fyi if you create a file named Directory.build.props in the directory hierarchy, it will be imported automatically and you don't need <Import /> directives. – Martin Ullrich Apr 9 '17 at 9:32
  • Awesome. Thanks. – Thomas Apr 9 '17 at 15:19
  • 2
    +1: Its a useful answer too, but I have gone with @MartinUllrich's answer because it's even easier (for me) to build up a command line than it is to modify a file as I'm doing this all in a minimal Linux environment. – Jay Apr 10 '17 at 8:19
  • Could you possibly elaborate on how this works? I want to create a Directory.Build.props file with the version generated from perforce and then use this as the 'AssemblyVersion' and 'AssemblyFileVersion' - is this possible using your method? – Dillanm Dec 12 '17 at 11:34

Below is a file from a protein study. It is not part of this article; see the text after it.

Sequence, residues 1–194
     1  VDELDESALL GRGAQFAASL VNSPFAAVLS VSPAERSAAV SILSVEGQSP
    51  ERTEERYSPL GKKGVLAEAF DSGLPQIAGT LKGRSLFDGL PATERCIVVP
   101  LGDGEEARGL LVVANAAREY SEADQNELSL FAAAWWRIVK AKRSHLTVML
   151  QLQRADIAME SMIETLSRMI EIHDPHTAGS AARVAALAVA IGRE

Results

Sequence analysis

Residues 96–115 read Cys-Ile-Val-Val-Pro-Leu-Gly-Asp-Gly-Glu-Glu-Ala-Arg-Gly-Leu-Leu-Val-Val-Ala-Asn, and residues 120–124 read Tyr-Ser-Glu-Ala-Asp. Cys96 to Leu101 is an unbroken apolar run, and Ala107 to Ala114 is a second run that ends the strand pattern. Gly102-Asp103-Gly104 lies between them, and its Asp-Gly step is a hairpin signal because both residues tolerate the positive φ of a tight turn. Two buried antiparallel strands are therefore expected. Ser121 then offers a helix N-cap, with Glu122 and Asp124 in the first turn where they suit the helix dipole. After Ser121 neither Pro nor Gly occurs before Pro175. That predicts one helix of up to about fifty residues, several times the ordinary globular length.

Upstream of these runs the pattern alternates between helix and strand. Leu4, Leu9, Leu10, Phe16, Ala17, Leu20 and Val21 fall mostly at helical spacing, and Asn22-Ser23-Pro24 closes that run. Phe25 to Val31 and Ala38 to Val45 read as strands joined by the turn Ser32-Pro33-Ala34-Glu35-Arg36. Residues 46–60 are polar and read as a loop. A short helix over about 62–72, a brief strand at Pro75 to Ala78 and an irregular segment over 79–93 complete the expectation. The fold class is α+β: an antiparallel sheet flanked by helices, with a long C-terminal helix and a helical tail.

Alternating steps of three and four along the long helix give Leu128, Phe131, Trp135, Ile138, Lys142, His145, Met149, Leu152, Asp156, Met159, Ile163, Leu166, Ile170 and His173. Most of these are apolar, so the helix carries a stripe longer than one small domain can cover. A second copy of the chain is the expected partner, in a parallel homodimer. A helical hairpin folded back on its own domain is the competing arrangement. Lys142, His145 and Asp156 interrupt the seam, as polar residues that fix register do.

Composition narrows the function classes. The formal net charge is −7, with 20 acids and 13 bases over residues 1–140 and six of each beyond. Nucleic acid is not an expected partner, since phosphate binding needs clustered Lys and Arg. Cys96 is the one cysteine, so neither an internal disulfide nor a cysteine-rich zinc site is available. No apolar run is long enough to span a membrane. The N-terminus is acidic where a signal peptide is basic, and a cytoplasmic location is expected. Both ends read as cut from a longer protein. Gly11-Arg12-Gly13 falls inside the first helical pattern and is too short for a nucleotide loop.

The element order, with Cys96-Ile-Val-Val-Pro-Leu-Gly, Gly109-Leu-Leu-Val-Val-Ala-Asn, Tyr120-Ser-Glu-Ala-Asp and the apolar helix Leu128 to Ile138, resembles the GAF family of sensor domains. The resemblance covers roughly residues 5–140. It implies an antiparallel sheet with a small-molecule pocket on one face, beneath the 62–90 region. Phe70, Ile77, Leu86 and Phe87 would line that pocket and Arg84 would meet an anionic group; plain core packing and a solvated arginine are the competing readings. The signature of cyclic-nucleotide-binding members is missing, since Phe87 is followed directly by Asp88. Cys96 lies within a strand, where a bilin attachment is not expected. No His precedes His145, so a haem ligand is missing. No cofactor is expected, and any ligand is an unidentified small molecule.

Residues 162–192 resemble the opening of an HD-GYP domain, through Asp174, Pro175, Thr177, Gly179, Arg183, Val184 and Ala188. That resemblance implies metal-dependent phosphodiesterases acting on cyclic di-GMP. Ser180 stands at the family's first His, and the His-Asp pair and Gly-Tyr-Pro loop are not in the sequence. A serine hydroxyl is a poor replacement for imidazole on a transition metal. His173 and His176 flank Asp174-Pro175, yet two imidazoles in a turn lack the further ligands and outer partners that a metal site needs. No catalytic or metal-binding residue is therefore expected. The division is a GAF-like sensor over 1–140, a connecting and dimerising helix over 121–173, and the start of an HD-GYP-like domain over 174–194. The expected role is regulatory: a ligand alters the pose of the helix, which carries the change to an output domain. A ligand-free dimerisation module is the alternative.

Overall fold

• Here is a link that describes Directory.Build.props docs.microsoft.com/en-us/visualstudio/msbuild/… – habakuk Apr 1 at 14:29
6

In my case, the main key was /property:Version=1.2.3.4. And the following command line did the job:

dotnet build SolutionName.sln -c Release /property:Version=1.2.3.4

This will override Assembly default version.

4

I use Jenkins + Octopus for CI, and following worked quite well:

  1. Have a pre-build Powershell script that can take CI build number as a param or default to something preset.
  2. Have a separate nuspec file in the project for CI.
  3. The pre-build script would update nuspec file with the latest build version.
  4. Publish project with Jenkins.
  5. Call Nuget manually with a nuspec file from #2.
  6. Push the nuget package to Octopus.
  • Does the nuspec file just work for packages? I'm not planning on packing everything - I am creating line of business micro-services which will end up getting executed in a Linux environment (probably in a docker container). Anyway, if the nuspec is just labeling NuGet packages, then this isn't what I'm after (though it is useful). – Jay Apr 7 '17 at 13:42